The Unreadable (Oxford Literary Review 33:1)

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OLR 33:1 The Unreadable

Call for Papers

'We read because we do not know how to read.' (Jean-François Lyotard, Augustine's Confession).

'The unreadable is not the opposite of the readable, it is the arête that also gives it the chance or force to start up again. "The impossibility of reading should not be taken too lightly." (Paul de Man.) That the unreadable give to be read is not a compromise formulation. Unreadability is no less radical for all that: it is absolute, if you read ne correctly.' (Jacques Derrida, "Living On – Borderlines.")

What is the relation of reading to the unreadable? Once we separate the unreadable from the merely difficult, obscure, boring or offensive, how are we to conceive of it?
If "there is no code (organon of iterability) that is structurally secret" (Derrida, "Signature, Event, Context"), then we might assume that deconstruction in principle affirmed the readability of everything; but this apparent openness is also, in its very indeterminacy and even freedom, what separates reading from any possible horizon of hermeneutic exhaustion or retrieval.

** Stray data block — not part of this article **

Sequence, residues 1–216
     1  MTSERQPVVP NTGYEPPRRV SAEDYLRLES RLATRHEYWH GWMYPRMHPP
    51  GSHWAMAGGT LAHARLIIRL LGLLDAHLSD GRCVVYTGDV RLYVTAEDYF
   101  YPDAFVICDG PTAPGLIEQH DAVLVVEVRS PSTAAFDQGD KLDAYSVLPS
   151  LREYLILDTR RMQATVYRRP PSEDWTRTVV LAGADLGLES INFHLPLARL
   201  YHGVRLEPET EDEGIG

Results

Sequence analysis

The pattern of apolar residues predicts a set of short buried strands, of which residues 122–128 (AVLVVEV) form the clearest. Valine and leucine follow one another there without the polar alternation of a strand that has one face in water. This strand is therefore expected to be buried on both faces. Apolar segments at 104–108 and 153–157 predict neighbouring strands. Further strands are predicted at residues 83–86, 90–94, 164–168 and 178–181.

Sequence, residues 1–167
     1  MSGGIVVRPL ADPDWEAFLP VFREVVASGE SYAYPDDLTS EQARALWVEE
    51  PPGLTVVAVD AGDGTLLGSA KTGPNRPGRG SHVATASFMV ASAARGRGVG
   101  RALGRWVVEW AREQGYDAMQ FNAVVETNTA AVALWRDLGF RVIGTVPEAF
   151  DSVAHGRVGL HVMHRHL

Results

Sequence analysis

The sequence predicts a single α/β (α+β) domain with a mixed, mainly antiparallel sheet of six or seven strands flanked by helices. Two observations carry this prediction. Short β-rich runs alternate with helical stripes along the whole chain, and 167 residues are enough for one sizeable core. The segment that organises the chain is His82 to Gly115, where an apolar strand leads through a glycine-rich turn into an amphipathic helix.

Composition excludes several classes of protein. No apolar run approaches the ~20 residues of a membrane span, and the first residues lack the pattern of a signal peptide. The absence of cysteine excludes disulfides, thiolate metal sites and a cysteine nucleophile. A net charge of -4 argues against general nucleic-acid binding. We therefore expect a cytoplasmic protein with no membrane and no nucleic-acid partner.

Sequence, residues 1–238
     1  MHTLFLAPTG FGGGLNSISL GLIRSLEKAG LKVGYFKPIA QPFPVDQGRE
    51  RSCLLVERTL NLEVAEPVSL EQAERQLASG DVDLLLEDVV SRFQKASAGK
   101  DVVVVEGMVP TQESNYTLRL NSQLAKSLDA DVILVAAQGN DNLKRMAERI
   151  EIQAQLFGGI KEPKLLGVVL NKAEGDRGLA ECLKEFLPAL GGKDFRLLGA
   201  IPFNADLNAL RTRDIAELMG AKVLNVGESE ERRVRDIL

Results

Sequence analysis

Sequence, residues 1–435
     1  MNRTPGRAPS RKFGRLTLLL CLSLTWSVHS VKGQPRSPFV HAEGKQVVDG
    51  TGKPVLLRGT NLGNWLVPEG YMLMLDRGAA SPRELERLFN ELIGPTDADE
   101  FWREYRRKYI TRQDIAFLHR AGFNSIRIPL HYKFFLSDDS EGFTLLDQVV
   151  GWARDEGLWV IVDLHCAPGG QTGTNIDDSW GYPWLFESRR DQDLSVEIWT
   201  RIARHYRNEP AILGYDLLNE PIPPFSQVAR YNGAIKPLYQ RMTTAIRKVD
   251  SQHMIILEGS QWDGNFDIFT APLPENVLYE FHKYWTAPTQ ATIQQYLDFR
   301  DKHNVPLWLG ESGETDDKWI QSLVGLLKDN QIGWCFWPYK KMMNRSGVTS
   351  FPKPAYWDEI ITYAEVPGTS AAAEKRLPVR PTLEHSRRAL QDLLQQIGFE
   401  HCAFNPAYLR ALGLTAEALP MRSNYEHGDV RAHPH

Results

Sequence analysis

Once reading is thus prised away from its always-threatened reduction by different interpretative models that teleologically orient our efforts toward a recovery of truth (however distant or unattainable that truth may be), how are we to conceive of it, if not as harbouring (and even welcoming) an irreducible unreadability?
If reading is always a response to the other, must it not always encounter an irreducible opacity? What becomes of the concept of truth in this (non-)perspective? What becomes of the so-called 'ethics' or 'politics' of reading? What institutional space might tolerate or even encourage a practice of reading that affirmed the unreadable as its permanent and essential resource?

OLR 33:1 will aim to address these questions in the light of the non-oppositional complication of readable and unreadable suggested by Derrida, De Man and Lyotard, and welcomes submissions dealing with these questions theoretically or in specific textual detail. Maximum length c. 6000 words

For more on the OLR see

Deadline for expressions of interest: July 31, 2010. Final version due December 31, 2010. End of editing process 1st April, 2011.

Contact. Geoffrey Bennington, Comparative Literature, Emory University, 537 Kilgo Circle, Atlanta, GA 30322 USA (